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Mar. Drugs 2014, 12(6), 3323-3351; doi:10.3390/md12063323

Metabolomic Profiling and Genomic Study of a Marine Sponge-Associated Streptomyces sp.

1
Strathclyde Institute of Pharmacy and Biomedical Sciences, University of Strathclyde, The John Arbuthnott Building, 161 Cathedral Street, Glasgow, Scotland G4 0RE, UK
2
Marine Biotechnology Centre, Environmental Research Institute, University College Cork, Lee Road, Cork, Ireland
3
School of Microbiology, University College Cork, Cork, Ireland
4
Biomerit Research Centre, University College Cork, Cork, Ireland
5
School of Biomedical Sciences, Curtin University, Perth 6102, WA, Australia
These authors contributed equally to this work.
*
Authors to whom correspondence should be addressed.
Received: 25 March 2014 / Revised: 7 May 2014 / Accepted: 21 May 2014 / Published: 2 June 2014
(This article belongs to the Special Issue Metabolomics - Applications in Marine Natural Products Chemistry)
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Abstract

Metabolomics and genomics are two complementary platforms for analyzing an organism as they provide information on the phenotype and genotype, respectively. These two techniques were applied in the dereplication and identification of bioactive compounds from a Streptomyces sp. (SM8) isolated from the sponge Haliclona simulans from Irish waters. Streptomyces strain SM8 extracts showed antibacterial and antifungal activity. NMR analysis of the active fractions proved that hydroxylated saturated fatty acids were the major components present in the antibacterial fractions. Antimycin compounds were initially putatively identified in the antifungal fractions using LC-Orbitrap. Their presence was later confirmed by comparison to a standard. Genomic analysis of Streptomyces sp. SM8 revealed the presence of multiple secondary metabolism gene clusters, including a gene cluster for the biosynthesis of the antifungal antimycin family of compounds. The antimycin gene cluster of Streptomyces sp. SM8 was inactivated by disruption of the antimycin biosynthesis gene antC. Extracts from this mutant strain showed loss of antimycin production and significantly less antifungal activity than the wild-type strain. Three butenolides, 4,10-dihydroxy-10-methyl-dodec-2-en-1,4-olide (1), 4,11-dihydroxy-10-methyl-dodec-2-en-1,4-olide (2), and 4-hydroxy-10-methyl-11-oxo-dodec-2-en-1,4-olide (3) that had previously been reported from marine Streptomyces species were also isolated from SM8. Comparison of the extracts of Streptomyces strain SM8 and its host sponge, H. simulans, using LC-Orbitrap revealed the presence of metabolites common to both extracts, providing direct evidence linking sponge metabolites to a specific microbial symbiont. View Full-Text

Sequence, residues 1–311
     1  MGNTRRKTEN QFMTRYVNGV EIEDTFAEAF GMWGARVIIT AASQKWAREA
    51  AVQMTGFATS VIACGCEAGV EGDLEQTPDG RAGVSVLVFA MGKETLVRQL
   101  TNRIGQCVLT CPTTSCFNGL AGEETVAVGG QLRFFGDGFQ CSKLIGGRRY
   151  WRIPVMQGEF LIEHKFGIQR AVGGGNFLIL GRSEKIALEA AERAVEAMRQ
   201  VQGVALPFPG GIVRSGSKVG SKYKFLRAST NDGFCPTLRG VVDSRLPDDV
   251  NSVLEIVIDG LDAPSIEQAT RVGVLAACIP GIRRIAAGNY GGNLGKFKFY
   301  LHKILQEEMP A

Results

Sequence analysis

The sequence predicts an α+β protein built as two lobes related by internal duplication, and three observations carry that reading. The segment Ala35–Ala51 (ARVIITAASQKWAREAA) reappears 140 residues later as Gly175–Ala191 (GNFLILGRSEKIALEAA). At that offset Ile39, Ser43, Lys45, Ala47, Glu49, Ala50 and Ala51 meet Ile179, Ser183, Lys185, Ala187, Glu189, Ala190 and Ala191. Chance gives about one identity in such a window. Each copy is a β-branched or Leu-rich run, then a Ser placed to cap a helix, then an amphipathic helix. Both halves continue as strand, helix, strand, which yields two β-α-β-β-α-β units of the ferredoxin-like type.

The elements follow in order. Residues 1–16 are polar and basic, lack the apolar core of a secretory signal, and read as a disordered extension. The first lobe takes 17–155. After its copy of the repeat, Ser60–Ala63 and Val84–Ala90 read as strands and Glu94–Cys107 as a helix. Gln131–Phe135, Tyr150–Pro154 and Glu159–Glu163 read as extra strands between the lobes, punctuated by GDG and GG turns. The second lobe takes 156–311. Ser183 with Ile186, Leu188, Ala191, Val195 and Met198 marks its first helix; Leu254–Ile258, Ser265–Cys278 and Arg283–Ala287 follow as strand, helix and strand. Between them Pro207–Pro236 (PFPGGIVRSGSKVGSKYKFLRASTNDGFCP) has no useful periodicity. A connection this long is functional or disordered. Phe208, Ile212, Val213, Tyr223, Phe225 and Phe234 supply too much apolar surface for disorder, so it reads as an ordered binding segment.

Keywords: Streptomyces; Haliclona simulans; metabolomics; antimycin; antifungal; butenolide Streptomyces; Haliclona simulans; metabolomics; antimycin; antifungal; butenolide
This is an open access article distributed under the Creative Commons Attribution License (CC BY 3.0).

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MDPI and ACS Style

Viegelmann, C.; Margassery, L.M.; Kennedy, J.; Zhang, T.; O'Brien, C.; O'Gara, F.; Morrissey, J.P.; Dobson, A.D.W.; Edrada-Ebel, R. Metabolomic Profiling and Genomic Study of a Marine Sponge-Associated Streptomyces sp.. Mar. Drugs 2014, 12, 3323-3351.

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